Details have been revealed of a multi-million-pound plan to rescue a railway line increasingly ravaged by climate change and extreme weather.
The Newport-Gloucester line connects South Wales with the West Country, Midlands and north of England, providing a vital link for passengers.
Running alongside the Severn Estuary – exposed to rain, wind and sea – more frequent extreme weather has seen the line devastated by five major landslips in the last two years alone. This has led to extended closures of the railway and temporary speed restrictions, delaying more than 200,000 trains.
As well as disrupting passengers, this also impacts essential freight services, with 43 freight trains passing through every week, moving; steel, petrol, and construction materials. The route also serves ‘Tesco trains’, keeping supermarkets stocked with essential supplies.
With the long-term viability of the line at stake, Network Rail engineers have developed a multi-million-pound plan to protect the railway’s future.
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Network Rail is working closely with train and freight operators, carefully planning the work to minimise disruption for passengers, while delivering the project as safely and quickly as possible.
Bill Kelly, route director, Network Rail Wales and Borders said: “We’ve seen a huge increase in extreme weather events across our network in recent years. Climate change is happening here and now, and across Wales and Borders – from the Conwy Valley to the Welsh marches and Severn Estuary – we’re responding by building a more resilient railway.
“As well as saving taxpayers’ money and reducing delays for passengers and freight – we’re protecting this vital Welsh transport link for generations to come.”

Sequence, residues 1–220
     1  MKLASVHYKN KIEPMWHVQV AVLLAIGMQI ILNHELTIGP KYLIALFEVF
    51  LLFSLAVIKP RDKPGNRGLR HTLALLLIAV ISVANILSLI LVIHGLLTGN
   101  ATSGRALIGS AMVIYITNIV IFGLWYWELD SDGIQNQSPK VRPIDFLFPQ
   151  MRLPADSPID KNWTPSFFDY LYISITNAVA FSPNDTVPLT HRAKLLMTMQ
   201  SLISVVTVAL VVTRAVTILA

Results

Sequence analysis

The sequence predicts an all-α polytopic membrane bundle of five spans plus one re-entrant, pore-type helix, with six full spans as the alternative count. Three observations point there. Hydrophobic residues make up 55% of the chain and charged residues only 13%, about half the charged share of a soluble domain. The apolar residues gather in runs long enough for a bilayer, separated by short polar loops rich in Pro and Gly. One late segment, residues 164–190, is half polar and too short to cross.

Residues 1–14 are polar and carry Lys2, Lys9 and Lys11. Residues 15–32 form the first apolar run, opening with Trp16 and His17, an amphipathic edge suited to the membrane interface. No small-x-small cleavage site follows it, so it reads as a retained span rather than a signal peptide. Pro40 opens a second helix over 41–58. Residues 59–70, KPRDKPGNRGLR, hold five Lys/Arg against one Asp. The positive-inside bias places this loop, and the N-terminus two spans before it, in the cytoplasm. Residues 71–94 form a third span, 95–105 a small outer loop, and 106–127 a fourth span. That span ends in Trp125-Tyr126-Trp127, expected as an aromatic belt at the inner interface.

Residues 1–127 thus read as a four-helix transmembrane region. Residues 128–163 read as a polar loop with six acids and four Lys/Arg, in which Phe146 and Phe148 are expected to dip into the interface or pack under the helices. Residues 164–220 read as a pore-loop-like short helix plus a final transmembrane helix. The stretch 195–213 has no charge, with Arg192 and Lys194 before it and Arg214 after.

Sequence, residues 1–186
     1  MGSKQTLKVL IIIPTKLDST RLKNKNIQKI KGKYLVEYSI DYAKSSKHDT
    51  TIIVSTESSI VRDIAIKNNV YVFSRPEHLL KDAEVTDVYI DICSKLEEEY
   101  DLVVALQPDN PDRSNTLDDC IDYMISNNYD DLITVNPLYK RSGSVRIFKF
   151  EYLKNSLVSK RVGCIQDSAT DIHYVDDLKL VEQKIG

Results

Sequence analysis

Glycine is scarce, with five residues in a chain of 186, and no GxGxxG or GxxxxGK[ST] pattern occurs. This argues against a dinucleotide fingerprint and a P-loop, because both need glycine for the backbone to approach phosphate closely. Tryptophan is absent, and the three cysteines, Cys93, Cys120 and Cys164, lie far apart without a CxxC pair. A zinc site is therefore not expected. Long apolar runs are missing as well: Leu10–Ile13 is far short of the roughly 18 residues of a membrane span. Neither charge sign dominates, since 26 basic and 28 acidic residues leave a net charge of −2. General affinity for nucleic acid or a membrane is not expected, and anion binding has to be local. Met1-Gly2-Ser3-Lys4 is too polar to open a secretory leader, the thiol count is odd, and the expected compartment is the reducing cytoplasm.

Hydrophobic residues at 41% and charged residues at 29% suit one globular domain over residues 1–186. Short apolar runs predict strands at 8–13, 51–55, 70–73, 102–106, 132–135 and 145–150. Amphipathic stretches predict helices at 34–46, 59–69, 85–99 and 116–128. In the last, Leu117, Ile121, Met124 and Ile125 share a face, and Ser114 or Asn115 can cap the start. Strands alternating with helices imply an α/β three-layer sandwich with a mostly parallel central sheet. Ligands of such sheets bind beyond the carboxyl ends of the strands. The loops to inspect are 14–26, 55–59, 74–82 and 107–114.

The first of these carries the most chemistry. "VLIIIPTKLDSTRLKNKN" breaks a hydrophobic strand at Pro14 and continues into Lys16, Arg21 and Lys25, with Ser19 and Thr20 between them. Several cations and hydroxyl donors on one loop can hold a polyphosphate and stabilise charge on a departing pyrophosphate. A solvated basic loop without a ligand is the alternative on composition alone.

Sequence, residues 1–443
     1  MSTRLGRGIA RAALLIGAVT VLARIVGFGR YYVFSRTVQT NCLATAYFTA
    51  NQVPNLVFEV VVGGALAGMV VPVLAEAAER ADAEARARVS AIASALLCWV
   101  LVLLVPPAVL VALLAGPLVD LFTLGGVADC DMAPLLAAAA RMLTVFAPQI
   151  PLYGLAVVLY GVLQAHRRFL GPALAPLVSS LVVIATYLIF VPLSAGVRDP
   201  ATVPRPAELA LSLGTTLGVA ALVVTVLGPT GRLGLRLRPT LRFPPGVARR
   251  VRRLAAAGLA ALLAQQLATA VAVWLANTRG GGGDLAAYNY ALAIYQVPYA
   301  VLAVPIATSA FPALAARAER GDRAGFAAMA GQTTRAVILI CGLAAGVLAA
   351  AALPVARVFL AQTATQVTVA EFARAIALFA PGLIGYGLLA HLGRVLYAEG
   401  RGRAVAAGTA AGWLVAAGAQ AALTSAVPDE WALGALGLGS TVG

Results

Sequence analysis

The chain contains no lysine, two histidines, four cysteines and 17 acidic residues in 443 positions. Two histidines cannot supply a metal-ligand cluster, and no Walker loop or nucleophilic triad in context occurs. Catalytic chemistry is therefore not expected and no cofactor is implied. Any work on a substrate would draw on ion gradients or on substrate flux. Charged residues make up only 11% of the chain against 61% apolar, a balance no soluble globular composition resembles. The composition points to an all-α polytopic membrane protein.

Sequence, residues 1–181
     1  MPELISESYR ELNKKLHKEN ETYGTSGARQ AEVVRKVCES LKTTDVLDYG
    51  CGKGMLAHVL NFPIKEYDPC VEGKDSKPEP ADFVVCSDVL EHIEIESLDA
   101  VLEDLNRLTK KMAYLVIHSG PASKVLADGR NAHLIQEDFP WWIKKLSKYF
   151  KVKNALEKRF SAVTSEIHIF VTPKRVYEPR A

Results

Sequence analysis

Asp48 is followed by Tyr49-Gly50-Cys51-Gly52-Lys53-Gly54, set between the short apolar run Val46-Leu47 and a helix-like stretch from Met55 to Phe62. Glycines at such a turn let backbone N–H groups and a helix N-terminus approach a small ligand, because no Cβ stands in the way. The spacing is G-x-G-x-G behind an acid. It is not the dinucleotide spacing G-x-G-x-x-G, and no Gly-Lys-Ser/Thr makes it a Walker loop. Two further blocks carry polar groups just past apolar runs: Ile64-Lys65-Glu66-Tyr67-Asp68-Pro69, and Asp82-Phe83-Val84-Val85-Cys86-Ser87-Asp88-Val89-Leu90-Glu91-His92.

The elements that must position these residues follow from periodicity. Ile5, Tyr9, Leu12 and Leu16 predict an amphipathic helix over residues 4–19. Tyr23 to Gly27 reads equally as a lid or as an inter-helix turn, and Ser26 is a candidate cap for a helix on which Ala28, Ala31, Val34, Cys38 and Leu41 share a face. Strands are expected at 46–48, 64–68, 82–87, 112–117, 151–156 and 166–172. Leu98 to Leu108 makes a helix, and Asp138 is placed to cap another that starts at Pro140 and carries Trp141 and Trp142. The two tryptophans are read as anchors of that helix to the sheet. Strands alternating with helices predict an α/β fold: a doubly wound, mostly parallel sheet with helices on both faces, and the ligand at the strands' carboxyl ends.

Sarah Kelley, CrossCountry’s West & Wales Regional Director said: “This welcome investment from Network Rail will deliver a resilient and sustainable railway for our services along this key line linking England and Wales.
“We know disruption to our passengers’ journeys is unwelcome and will work closely with Network Rail to ensure this is kept to a minimum while they complete this.”
Jess Lippett, senior route freight manager, Network Rail Wales & Western said: “This is one the busiest and most important freight routes in Wales and Borders, so it’s really important to the economy. As we saw through the pandemic, this route really is a lifeline, and the current shortage in HGV drivers means it’s playing an even more vital role.
“People are amazed when I tell them that a single freight train keeps 70 or more lorries off Britain’s congested road network. With carbon emissions 76% lower, rail freight is also making a significant contribution to meeting the climate change challenge.”
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